One of my favorite activities as a child and to this day has been fishing. I am absolutely obsessed with the sport (though, not particularly good at it). So, I decided to start small with my conservation career. I decided I was going to make recycled fishing rigs, leaders, and lures. Although it cannot restore the places that have already been lost, it can help keep plastic and toxic metals out of waterways and ecosystems. Even in the suburbs, the woods and river systems in my watershed are very polluted. Every year, more and more floods, as well as droughts, rip through the creeks and rivers in our neighborhoods. In some places, there are literally shopping carts flipped over in the middle of the creek. I don't know about you, but that isn't exactly the kind of scenery I would like to be surrounded by while I'm fishing. Stepping over shattered glass, water bottles, and fishing line stuck in the mud was starting to get a little old, and downright depressing. Figuring out where to start was difficult. I tried fiddling with old bottle caps and using wrappers to try and make pieces for fishing lures, but all my attempts failed. But then, I realized that the easiest way to make recycled fishing tackle was just to use pieces of trash that were already once used for fishing. I started focusing my attention on gathering fishing line and lures. I took them home and cleaned them up. At first, they weren't pretty, but they were functional.
After a few months of tinkering, someone recommended that I started selling the abominations that were my products. I had learned how to make catfish rigs, spinning lures, fly fishing leaders, and even a glide bait made out of old plastic tubes. The only thing that looked even remotely sellable was my fly fishing leaders (which was quite convenient since I work at a fly fishing store). For packaging, I used old hook bags and I cut out pages of magazines to use as labels. I had started my own little company (of sorts). The realization that I could make money off of these gave me another idea. I decided to donate the profits to organizations that I knew. For the first few weeks of sales, the proceeds went to the Wildlife Leadership Academy, an organization I'm a part of where teens and young adults can get involved in conservation and gain skills for the workplace. The second organization I donated to was the American Red Cross for aid in forest fire relief. I sold my leaders at The Sporting Gentleman, which is the fly shop I work at. I tried to spread the word through social media which helped, but the project wasn't as successful as I had hoped. But, even though I didn't sell many, at the very least I was able to spread awareness about plastic pollution and climate change. So, at the end of the day, I can at least feel good about that.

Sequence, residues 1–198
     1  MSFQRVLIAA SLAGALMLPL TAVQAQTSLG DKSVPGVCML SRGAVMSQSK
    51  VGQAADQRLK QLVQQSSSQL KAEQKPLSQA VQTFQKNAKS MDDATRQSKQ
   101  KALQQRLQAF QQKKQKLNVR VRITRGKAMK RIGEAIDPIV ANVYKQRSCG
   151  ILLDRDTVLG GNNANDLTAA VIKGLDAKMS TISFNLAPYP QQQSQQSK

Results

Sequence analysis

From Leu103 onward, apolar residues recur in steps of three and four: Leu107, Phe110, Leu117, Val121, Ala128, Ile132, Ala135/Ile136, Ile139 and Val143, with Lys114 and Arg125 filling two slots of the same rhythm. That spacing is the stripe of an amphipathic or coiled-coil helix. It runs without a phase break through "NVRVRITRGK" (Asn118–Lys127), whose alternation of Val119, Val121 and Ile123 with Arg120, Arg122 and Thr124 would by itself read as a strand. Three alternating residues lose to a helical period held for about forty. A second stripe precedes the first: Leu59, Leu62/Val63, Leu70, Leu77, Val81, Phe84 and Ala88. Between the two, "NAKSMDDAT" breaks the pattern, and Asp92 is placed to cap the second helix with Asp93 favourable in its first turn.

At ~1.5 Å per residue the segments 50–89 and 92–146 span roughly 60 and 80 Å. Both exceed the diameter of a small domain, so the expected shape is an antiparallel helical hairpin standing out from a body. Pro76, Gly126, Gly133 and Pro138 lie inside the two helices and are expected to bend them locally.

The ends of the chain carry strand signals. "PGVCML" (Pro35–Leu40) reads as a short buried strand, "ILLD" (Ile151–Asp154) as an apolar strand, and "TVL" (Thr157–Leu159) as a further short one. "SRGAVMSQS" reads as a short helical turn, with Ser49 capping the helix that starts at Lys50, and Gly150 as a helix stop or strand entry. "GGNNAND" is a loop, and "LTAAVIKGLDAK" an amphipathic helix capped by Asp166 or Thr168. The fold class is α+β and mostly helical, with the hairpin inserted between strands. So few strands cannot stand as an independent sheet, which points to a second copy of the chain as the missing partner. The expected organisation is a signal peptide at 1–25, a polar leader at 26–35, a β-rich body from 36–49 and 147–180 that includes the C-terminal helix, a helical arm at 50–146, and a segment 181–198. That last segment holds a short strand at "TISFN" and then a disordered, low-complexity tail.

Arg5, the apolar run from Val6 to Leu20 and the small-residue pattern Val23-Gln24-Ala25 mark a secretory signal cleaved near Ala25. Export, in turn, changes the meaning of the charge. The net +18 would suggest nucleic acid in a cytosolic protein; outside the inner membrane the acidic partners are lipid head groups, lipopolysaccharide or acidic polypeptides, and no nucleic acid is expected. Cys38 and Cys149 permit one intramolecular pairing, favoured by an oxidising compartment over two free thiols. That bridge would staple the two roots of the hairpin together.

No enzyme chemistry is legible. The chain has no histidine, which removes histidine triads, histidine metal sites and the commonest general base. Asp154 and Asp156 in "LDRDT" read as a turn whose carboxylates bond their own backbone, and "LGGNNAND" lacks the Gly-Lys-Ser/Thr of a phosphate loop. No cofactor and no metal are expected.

Not everyone has to change the world to make a difference. Even the smallest actions are still a step in the right direction. Just because things may seem hopeless, it does not mean that it is too late for us to fix what has been damaged. Just like humans, nature can bounce back and push through even the hardest of challenges. We just need to give nature, as well as our fellow humans a chance. Everybody cares, even if they might not show it. Some are too afraid to speak out and many are just too overwhelmed and feel like their actions don't matter. But, everyone's actions matter. If we all realized that, we will be well on our way to changing the world.
Date: December 31, 2020 Views: 2231 File size: 23.2kb, 4609.3kb : 4608 x 3456
Hours Volunteered: 15
Volunteers: 1
Authors Age & Age Range of Volunteers: 17